Monday, September 26, 2011

Berezow cherry-picked in "Who is antiscience?" smacktown

"I don't care who you voted for."

The whole left-antiscience vs right-antiscience dust-up has left me strangely cold. Should be right up our alley here at ITracker ("IT support" when we're at home). Climate denial is anti-science. Climate denial is associated with the far right, and especially prevalent among Tea Partiers. And while it doesn't make them very happy, we've argued on this blog that emphasizing the ideological roots of so-called skeptics is constructive.

So you might say that this is a debate the whole corpus of IT has helped set the stage for. So why the diffidence?

For me I guess the reason why you are antiscience on a given issue is less important than the fact that you are. If it matters what the political, social, and religious motivations of that denial are, it matters because by recognizing the motive, by elucidating the bias, antiscience is less likely to be confused with a legitimate critique of particular science.

Further, this debate seems destined to shed more heat than light. If Nate Silver has taught us anything, it's that when talking heads start debating a point like this, you need to fall back on some sort of objective numeric assessment, with reasonable caveats. Otherwise this is the kind of nonsense you end up debating (from the Alex Berezow blog post at USAToday that started the recent dust-up):
Unfortunately for Democrats, their progressive political allies often hold blatantly anti-science beliefs themselves. And in some cases, progressives actively undermine technological progress.  
Federal health data suggest that anti-vaccine sentiment is more common in progressive areas.
The "left" has been conflated with Democrats, so you would think we are about to hear about the beliefs and activities of Democrats. No such luck: the blogger holds them guilty by association with their "progressive allies." Who are they? How are they defined as progressive? How are you determining them to be the Democrats "allies"?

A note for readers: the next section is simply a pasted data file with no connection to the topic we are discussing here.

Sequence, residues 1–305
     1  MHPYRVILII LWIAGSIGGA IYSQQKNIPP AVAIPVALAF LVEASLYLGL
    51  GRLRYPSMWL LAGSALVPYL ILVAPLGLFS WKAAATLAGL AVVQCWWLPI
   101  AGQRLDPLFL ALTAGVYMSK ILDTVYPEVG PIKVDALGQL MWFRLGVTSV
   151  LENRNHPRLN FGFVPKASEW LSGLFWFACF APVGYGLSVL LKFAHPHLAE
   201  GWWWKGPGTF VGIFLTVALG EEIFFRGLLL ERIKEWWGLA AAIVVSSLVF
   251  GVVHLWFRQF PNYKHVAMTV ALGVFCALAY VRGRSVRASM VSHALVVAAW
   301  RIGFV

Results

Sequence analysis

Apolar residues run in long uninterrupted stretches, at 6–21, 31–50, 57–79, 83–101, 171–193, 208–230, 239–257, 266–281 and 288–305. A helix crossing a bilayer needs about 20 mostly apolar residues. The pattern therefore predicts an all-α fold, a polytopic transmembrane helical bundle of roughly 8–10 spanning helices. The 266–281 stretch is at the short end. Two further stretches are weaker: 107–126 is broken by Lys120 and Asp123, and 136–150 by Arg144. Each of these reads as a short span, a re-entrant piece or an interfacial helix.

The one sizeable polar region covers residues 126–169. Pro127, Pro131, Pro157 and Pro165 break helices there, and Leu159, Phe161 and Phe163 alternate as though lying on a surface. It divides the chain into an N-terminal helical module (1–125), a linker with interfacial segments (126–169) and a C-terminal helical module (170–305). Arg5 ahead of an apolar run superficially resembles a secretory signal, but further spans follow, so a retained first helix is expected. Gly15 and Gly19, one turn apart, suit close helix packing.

Guilt by association is all very well -- "Tell me what company you keep and I'll tell you who you are" -- but you need to show the association somehow! And Alex's evidence is, to put it mildly, underwhelming:
Federal health data suggest that anti-vaccine sentiment is more common in progressive areas.  With the exception of Alaska, the states with the highest rates of vaccine refusal for kindergarteners are Washington, Vermont and Oregon — three of the most progressive states in the country.
Unlike denying evolution, refusing vaccinations can be deadly.
Whoa. That's some ironclad reasoning there (*).

So Berezow is calling these states "progressive" and blaming that for their low rates of vaccination. Wouldn't it be more straightforward to poll progressives on their attitudes towards vaccines (maybe because what polling there is shows no connection between progressive politics and vaccine denial)? Other commentators pointed out that the conservative, rural eastern regions of Oregon and Washington had vaccine refusal rates just as high as the liberal west edges. Berezow glosses over the fact that Alaska, one of the most conservative states in the nation, is a top refuser.

So by Berezow's own calculation, he has an n = 4, and of that 4, one state is very conservative while the others are a mix of urban progressive/rural conservative where progressives (or at least Democrats) dominate statewide elections.